Showing posts with label obesity. Show all posts
Showing posts with label obesity. Show all posts

Tuesday, November 11, 2014

BMI Changes Between Fifth and Tenth Grades

By: Lewis First, MD, MS; Editor-in-Chief 

School lunch. Photo by US Dept. of Agriculture via Flickr
We have certainly published studies on overweight or obese toddlers and preschoolers with the hope of intervening as early as possible to attenuate the increasing weight gain—but what happens to weight gain and BMI in pre-adolescent children as they enter and move through adolescence? Does weight gain get worse or better? Can you influence the trajectory of that weight gain in this age group as much as if you altered things in early childhood?

Schuster et al. (doi: 10.1542/peds. 2014-2195) studied the factors that can result in progression to obesity as well as BMI reduction factors in a cohort of fifth graders followed through tenth grade. Those fifth graders who already had a negative body image due to their being overweight or obese, lower socioeconomic status, and/or an obese parent had the most difficulty lowering their BMI as they moved through adolescence.

What’s worse—fifth graders who were not yet overweight but had a negative body image of themselves, combined with an obese parent and/or a sedentary television-watching lifestyle were on a pathway to increasing their BMI trajectory unless intervening actions could be taken.

If you are interested in learning more as to what factors enhance or inhibit a child from becoming overweight or obese between fifth and tenth grade so you can better counsel your patients accordingly, this study weighs in admirably for your consideration.

You would be a pound foolish not to read it—if you want to work with your overweight or obese teens to lower elevated BMIs. And speaking of lowering BMIs in teens—have you found some ways to do this that yield success in your practice? Share your thoughts: leave a comment below, send us an eLetter on our journal website, or find us on Facebook or Twitter.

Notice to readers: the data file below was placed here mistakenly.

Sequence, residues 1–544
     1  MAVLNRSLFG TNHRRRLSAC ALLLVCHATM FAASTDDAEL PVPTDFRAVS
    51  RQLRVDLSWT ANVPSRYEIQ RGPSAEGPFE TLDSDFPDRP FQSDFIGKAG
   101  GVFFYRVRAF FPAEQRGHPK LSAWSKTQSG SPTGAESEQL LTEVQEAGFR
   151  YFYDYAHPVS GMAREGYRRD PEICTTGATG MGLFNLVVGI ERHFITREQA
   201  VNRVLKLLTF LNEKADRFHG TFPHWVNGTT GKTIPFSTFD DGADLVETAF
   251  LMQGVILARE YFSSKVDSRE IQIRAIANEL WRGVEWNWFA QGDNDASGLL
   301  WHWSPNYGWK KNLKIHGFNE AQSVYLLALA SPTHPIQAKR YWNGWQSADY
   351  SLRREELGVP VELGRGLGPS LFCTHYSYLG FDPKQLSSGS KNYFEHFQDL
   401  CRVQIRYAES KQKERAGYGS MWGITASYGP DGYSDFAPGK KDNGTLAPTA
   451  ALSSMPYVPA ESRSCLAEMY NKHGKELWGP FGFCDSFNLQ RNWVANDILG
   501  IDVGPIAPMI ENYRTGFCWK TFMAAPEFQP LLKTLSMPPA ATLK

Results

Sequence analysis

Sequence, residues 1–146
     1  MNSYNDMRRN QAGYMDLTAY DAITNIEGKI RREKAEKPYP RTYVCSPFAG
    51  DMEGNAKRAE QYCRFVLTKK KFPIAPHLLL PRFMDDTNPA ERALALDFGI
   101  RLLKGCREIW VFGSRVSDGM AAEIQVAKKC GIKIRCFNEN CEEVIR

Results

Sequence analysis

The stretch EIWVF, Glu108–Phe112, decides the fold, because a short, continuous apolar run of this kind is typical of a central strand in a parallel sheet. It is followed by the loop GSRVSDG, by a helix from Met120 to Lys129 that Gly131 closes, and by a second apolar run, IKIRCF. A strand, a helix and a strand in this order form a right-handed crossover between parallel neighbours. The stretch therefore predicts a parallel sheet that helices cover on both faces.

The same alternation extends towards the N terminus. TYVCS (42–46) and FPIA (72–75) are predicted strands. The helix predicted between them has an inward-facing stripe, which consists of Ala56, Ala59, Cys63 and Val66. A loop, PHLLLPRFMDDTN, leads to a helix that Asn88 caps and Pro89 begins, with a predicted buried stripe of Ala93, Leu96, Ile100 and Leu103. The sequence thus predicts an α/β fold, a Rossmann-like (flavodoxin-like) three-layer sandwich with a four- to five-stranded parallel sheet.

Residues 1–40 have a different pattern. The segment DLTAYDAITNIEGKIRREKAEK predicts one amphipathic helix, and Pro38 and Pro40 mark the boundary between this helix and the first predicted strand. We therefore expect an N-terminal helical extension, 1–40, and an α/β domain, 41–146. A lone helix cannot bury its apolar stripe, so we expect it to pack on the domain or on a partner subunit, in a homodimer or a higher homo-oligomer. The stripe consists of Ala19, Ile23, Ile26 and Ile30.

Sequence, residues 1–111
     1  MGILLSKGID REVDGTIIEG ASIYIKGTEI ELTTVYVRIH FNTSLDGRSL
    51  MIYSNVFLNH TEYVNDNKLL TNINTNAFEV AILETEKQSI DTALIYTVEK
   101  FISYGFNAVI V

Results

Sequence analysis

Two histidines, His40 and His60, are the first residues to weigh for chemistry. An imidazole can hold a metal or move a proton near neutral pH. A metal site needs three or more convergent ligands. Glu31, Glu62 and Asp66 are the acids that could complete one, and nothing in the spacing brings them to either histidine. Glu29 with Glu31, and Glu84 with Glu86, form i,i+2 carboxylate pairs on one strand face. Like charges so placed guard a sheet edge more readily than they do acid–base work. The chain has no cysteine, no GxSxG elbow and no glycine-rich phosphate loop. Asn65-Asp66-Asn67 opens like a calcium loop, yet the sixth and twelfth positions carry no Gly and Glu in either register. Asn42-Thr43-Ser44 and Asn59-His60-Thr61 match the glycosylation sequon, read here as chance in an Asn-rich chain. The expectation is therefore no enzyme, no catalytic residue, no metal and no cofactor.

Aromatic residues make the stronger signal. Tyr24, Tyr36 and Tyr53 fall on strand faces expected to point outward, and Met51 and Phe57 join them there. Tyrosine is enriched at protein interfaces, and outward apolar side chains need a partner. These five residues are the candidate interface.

Related Reading:

Thursday, October 16, 2014

Obesity and Interpersonal Dynamics at Family Meals

By: Lewis First, MD, MS; Editor-in-Chief 

Photo by Phyllis Buchanan via Flickr
We certainly run a lot of studies on the role of proper nutrition and exercise in preventing a child from becoming overweight or obese, but what about the dynamics of a family meal itself? Could certain characteristics regarding a family eating together be protective against obesity and other characteristics that contribute to excess weight gain?

Berge et al. (doi:10.1542/peds.2014-1936) performed a cross-sectional observational study in which family meals were videoed in the homes of 120 low-income and minority communities. Communication among family members and other aspects of parent-child and child-sibling dynamics were studied and compared to a child’s weight status. The results are fascinating and indicate the more positive the family dynamic around the table, the less risk of a child being overweight.

While this study cannot prove causality, it is certainly food for thought in regard to our promoting the importance not just having healthy food on the table, but the whole family being gathered together to share and support each other through conversation and other positive dynamics practiced at the family table. Read this study and learn more that you, in turn, can share with your patients’ families.